Born in Surrey, England, in 1874, Ursula Bethell achieved some local prominence as a poet in the 1930s, and is now acknowledged, with R. A. K. Mason, as one of the most important founding voices in modern poetry in New Zealand. Bethell’s output, like that of Mason, was relatively slight in quantitative terms, and in some respects her voice was considerably more traditional than his, but there is nevertheless some validity to the oft-repeated claim of D’Arcy Cresswell that New Zealand “wasn’t truly discovered” until she paused from her gardening to raise her eyes to the imposing mountains beyond.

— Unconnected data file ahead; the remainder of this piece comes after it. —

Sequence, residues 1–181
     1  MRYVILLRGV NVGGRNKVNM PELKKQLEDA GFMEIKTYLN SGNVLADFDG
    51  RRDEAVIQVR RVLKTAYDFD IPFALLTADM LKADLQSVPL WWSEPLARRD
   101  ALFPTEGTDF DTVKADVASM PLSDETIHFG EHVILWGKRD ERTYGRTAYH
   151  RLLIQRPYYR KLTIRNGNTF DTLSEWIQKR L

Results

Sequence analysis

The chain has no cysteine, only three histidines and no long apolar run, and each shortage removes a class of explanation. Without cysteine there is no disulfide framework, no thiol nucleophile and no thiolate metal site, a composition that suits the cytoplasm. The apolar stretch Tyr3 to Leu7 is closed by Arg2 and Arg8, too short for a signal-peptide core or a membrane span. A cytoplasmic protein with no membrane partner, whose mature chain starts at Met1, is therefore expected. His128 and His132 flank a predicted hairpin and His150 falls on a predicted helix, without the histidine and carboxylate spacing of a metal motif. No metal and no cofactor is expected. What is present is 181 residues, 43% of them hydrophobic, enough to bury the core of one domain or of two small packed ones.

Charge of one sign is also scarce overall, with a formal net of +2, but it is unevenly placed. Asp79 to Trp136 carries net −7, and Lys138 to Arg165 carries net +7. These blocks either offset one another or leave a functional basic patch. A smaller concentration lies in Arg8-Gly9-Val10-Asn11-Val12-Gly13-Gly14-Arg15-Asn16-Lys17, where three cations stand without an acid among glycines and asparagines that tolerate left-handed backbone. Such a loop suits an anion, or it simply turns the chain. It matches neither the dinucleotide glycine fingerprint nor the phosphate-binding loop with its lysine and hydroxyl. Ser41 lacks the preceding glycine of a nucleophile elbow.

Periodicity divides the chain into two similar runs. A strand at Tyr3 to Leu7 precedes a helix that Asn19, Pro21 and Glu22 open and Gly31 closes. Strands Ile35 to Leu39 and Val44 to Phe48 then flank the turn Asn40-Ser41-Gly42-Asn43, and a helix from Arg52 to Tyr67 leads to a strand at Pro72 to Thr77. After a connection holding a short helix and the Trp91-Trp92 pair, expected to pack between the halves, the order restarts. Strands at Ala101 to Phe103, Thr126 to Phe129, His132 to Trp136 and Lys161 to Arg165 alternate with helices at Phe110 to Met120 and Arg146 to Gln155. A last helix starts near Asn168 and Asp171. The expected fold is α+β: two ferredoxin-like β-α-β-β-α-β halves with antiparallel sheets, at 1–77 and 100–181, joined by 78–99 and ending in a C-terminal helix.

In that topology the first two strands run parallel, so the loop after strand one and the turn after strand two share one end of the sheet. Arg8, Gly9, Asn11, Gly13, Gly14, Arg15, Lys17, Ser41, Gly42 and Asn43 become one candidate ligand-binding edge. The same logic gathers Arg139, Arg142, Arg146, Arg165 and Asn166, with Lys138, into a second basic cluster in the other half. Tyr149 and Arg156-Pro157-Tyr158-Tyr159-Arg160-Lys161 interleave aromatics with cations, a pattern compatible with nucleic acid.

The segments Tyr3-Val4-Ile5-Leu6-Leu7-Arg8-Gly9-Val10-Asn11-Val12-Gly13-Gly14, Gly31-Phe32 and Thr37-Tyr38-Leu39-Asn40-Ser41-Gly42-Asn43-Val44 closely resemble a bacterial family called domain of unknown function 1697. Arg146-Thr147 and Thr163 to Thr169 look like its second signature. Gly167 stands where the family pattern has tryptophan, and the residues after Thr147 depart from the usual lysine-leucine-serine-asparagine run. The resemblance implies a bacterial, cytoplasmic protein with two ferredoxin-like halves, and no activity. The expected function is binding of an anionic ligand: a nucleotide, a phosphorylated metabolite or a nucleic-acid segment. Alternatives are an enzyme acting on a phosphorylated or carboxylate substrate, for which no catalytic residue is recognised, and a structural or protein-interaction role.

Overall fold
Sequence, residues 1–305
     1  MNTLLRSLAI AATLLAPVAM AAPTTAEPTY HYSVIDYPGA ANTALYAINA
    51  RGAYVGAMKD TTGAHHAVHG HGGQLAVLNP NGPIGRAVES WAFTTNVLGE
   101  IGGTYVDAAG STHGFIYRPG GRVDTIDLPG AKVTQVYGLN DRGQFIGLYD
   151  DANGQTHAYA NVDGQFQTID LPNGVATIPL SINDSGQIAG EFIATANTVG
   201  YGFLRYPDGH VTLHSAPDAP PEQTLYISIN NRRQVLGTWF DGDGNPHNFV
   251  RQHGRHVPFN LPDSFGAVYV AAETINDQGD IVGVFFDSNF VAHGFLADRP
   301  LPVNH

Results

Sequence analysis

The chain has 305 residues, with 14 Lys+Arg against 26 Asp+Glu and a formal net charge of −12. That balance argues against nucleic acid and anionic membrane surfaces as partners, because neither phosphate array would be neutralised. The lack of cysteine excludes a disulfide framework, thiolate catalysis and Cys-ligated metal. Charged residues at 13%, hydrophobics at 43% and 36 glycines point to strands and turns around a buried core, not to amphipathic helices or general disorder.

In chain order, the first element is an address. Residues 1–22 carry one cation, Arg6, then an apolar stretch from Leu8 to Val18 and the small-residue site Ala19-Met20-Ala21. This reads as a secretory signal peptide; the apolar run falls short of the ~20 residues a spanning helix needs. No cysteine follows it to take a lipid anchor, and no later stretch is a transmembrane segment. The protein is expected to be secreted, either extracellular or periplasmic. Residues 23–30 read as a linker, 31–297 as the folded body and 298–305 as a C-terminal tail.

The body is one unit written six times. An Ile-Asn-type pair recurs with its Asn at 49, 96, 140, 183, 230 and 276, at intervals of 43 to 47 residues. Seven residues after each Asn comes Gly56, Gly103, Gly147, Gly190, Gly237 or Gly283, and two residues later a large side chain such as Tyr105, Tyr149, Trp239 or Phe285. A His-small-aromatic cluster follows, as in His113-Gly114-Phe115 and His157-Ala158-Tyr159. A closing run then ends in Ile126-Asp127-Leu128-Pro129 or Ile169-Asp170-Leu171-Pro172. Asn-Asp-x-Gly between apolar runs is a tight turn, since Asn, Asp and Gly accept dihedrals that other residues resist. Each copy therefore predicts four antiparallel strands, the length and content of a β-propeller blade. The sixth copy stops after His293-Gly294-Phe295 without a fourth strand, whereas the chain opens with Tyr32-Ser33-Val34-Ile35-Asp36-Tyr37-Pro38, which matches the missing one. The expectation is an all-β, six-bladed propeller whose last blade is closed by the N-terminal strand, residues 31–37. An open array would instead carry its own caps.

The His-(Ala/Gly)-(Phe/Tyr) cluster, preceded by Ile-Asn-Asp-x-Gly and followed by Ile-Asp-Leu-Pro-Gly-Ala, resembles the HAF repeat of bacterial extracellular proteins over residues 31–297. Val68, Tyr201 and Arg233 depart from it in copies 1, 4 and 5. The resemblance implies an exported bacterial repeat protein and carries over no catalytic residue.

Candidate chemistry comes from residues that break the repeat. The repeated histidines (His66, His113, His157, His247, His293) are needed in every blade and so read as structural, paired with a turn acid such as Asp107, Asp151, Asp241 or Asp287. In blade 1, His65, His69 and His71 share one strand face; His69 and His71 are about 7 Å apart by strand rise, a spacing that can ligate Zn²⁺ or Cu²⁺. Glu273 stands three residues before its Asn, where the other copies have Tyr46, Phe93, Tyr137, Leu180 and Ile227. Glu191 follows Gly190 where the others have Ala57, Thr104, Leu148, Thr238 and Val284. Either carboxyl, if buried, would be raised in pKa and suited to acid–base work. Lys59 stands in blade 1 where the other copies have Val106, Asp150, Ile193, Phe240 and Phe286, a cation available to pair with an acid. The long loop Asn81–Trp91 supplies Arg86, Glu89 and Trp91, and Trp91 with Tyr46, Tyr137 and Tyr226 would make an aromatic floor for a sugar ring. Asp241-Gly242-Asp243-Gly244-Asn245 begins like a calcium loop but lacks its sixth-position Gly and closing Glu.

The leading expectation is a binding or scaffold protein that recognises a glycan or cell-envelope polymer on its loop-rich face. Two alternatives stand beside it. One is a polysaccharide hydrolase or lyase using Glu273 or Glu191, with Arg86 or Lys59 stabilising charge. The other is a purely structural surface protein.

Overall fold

Most of Bethell’s childhood was spent in New Zealand, her parents having returned there in 1876. Initially, the family …
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Whiteford, Peter. "Mary Ursula Bethell". The Literary Encyclopedia. First published 05 July 2008
[https://www.litencyc.com/php/speople.php?rec=true&UID=400, accessed 18 October 2017.]